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Forecasting Applications of an Adaptive Multiple Exponential Smoothing Model


  • Phillip G. Enns

    (St. Louis University)

  • Joseph A. Machak

    (University of Michigan)

  • W. Allen Spivey

    (University of Michigan)

  • William J. Wrobleski

    (University of Michigan)


This paper introduces a class of multiple exponential smoothing models useful in automated or minimal intervention industrial forecasting systems. These models are an alternative to simple univariate exponential smoothing and Trigg and Leach type adaptive models, which treat time series as unrelated and so cannot explicitly accommodate interrelationships that may exist between two or more time series. Moreover, the multiple models are adaptive in that the smoothing matrix, which is a generalization of the smoothing constant of univariate models, changes from period to period. Maximum likelihood estimates of the model parameters, including the full variance-covariance structure as well as the smoothing matrix, are provided, thus freeing the model user from the need for making ad hoc estimates of parameter values, a feature of simple univariate exponential smoothing. The forecast performance of this multiple time series model is compared with that of other univariate models using automobile sales data and some promising results are obtained.

Suggested Citation

  • Phillip G. Enns & Joseph A. Machak & W. Allen Spivey & William J. Wrobleski, 1982. "Forecasting Applications of an Adaptive Multiple Exponential Smoothing Model," Management Science, INFORMS, vol. 28(9), pages 1035-1044, September.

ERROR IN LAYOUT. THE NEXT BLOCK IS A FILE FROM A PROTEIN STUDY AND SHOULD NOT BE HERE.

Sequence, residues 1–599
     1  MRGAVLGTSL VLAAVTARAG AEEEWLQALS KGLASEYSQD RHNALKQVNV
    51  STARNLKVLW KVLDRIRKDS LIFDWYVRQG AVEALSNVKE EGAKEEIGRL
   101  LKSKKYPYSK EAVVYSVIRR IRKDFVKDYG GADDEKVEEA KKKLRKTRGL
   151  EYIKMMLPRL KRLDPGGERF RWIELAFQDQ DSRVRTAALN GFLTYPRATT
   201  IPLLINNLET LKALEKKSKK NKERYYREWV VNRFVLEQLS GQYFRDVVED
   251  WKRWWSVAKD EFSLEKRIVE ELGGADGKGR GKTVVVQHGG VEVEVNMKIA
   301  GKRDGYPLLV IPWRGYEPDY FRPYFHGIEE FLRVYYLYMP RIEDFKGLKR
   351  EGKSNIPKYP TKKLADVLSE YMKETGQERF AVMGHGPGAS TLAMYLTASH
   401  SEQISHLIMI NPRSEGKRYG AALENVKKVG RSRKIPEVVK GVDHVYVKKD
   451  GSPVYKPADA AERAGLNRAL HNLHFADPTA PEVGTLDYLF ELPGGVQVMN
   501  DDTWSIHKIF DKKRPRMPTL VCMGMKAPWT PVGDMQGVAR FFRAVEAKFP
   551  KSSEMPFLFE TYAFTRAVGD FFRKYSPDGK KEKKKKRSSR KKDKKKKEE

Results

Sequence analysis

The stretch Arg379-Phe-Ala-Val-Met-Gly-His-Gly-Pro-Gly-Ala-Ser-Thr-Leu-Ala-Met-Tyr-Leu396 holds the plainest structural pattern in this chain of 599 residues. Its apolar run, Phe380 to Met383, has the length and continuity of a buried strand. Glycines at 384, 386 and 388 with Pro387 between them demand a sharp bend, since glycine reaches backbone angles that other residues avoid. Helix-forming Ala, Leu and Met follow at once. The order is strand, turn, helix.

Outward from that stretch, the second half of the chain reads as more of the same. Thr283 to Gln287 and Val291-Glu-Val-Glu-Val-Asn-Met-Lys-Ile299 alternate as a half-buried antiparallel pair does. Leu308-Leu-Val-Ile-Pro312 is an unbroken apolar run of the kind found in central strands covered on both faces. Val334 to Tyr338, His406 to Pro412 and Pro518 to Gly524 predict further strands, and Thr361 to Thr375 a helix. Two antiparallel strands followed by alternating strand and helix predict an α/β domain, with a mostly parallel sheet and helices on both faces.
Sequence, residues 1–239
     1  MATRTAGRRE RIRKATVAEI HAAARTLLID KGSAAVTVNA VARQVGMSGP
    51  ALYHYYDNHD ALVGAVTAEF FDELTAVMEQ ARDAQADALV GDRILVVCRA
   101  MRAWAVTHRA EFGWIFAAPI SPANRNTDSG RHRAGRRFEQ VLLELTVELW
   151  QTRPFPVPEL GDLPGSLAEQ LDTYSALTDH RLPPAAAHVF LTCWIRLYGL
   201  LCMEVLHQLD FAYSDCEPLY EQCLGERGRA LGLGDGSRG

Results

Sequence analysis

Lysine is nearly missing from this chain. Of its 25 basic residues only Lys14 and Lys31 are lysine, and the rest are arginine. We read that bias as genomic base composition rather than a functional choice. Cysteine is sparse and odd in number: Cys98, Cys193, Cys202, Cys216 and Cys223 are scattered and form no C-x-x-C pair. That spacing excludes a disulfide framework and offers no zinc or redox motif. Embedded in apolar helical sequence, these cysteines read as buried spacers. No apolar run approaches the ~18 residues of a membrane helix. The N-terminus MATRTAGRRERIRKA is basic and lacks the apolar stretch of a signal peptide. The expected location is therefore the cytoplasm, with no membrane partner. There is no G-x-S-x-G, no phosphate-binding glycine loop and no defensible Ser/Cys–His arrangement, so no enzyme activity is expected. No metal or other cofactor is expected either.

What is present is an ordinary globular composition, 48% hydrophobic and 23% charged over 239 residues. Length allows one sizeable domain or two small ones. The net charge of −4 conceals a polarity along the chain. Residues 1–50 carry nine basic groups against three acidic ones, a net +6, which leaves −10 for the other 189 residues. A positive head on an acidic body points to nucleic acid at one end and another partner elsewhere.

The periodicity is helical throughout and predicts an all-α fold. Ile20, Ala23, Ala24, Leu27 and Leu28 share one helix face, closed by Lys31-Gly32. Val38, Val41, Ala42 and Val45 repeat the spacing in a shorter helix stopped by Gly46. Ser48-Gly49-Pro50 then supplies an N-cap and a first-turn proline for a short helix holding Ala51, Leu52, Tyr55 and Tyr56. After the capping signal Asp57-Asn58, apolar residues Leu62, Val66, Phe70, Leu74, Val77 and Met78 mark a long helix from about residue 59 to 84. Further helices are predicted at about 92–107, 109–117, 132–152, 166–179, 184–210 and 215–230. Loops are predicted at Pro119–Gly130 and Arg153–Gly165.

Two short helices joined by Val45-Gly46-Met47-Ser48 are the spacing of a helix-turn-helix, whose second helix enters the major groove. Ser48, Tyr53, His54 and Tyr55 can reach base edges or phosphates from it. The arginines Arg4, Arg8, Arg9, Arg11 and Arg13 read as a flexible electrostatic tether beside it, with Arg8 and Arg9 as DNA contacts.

• Handle: RePEc:inm:ormnsc:v:28:y:1982:i:9:p:1035-1044
    DOI: 10.1287/mnsc.28.9.1035

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    Cited by:

    1. George Athanasopoulos & Ashton de Silva, 2010. "Multivariate exponential smoothing for forecasting tourist arrivals to Australia and New Zealand," Monash Econometrics and Business Statistics Working Papers 11/09, Monash University, Department of Econometrics and Business Statistics.
    2. Corberán-Vallet, Ana & Bermúdez, José D. & Vercher, Enriqueta, 2011. "Forecasting correlated time series with exponential smoothing models," International Journal of Forecasting, Elsevier, vol. 27(2), pages 252-265.
    3. Mirko Kremer & Enno Siemsen & Douglas J. Thomas, 2016. "The Sum and Its Parts: Judgmental Hierarchical Forecasting," Management Science, INFORMS, vol. 62(9), pages 2745-2764, September.
    4. Bermúdez, José D. & Corberán-Vallet, Ana & Vercher, Enriqueta, 2009. "Multivariate exponential smoothing: A Bayesian forecast approach based on simulation," Mathematics and Computers in Simulation (MATCOM), Elsevier, vol. 79(5), pages 1761-1769.
    5. Corberán-Vallet, Ana & Bermúdez, José D. & Vercher, Enriqueta, 2011. "Forecasting correlated time series with exponential smoothing models," International Journal of Forecasting, Elsevier, vol. 27(2), pages 252-265, April.
    6. James W. Taylor, 2004. "Smooth transition exponential smoothing," Journal of Forecasting, John Wiley & Sons, Ltd., vol. 23(6), pages 385-404.
    7. Gardner, Everette Jr., 2006. "Exponential smoothing: The state of the art--Part II," International Journal of Forecasting, Elsevier, vol. 22(4), pages 637-666.
    8. Triantafyllopoulos, Kostas, 2006. "Multivariate discount weighted regression and local level models," Computational Statistics & Data Analysis, Elsevier, vol. 50(12), pages 3702-3720, August.

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    forecasting: time series;


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